They say that friends are the family you choose. The fact I’ve chosen to think of my parents as friends shouldn’t be incompatible with this. There are many who tell me how much they admire how close we Nemeths are as a family, and how special this is, but I also encounter people who – I guess the best word I can find to describe it – are troubled by our closeness.
I completely understand that not everyone is close with their relatives, and that in extreme circumstances this can be due to events which no-one should have to go through, making any connection totally untenable. But enduring forced separation, whatever forced it, should make strong connections even more precious, not less.
Even amongst those who aren’t ‘troubled’, there is still a perception that I am somehow hampered by my parents, that I could have achieved so much more without them if I’d flown the nest, or cared less about what they thought, or stopped letting them tell me what to do. At this point, I’m hearing a parody of the recent We Buy Any Car advert in my head: “my parents even let me say all this in a blog!”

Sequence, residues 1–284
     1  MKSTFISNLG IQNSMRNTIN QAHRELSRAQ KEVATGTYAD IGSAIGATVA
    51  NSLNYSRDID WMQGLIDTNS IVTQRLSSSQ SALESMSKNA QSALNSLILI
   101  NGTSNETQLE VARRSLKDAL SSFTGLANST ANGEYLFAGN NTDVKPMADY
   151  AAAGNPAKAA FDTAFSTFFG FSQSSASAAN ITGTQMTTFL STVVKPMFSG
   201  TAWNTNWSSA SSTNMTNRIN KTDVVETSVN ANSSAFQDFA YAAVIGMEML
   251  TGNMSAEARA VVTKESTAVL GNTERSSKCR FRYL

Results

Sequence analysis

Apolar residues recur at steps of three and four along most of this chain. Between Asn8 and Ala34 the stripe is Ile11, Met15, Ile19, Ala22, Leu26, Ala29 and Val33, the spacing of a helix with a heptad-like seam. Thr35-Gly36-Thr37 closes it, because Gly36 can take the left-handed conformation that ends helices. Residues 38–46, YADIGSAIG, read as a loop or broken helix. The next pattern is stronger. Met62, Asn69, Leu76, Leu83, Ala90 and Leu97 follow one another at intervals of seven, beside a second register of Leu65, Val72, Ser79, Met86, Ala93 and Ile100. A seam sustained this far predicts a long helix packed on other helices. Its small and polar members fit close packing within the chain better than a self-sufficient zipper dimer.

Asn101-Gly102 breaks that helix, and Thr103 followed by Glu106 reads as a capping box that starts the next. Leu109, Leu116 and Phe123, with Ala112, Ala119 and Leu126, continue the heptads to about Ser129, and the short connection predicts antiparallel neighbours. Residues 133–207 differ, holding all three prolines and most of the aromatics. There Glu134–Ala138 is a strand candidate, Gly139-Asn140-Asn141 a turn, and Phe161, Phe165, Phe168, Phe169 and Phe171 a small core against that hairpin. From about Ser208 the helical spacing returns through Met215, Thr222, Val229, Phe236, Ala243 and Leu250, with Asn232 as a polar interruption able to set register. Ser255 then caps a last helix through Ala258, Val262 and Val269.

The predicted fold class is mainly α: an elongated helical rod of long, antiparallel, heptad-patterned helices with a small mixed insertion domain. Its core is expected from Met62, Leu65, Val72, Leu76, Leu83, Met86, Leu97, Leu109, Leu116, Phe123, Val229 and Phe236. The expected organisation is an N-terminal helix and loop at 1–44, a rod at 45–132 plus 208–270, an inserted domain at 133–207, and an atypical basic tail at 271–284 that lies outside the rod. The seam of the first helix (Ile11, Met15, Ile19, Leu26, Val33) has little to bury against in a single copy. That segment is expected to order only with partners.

To be fair, I haven’t helped myself. I often say “my parents this“, or “my parents that“, without clarifying the deeper meaning behind it. I don’t make the assumption that I have to explicitly state that my parents are more experienced than me, often know better than me (not always, they’re human), that I look up to and respect them, and so if they think this or that, it adds tremendous weight to what I could say on my own, even though I happen to agree with them. Nor do we always agree. Nor do I assume that I have to clarify that we don’t always agree, in order for the full weight of “my parents…” to come across in the way it was intended.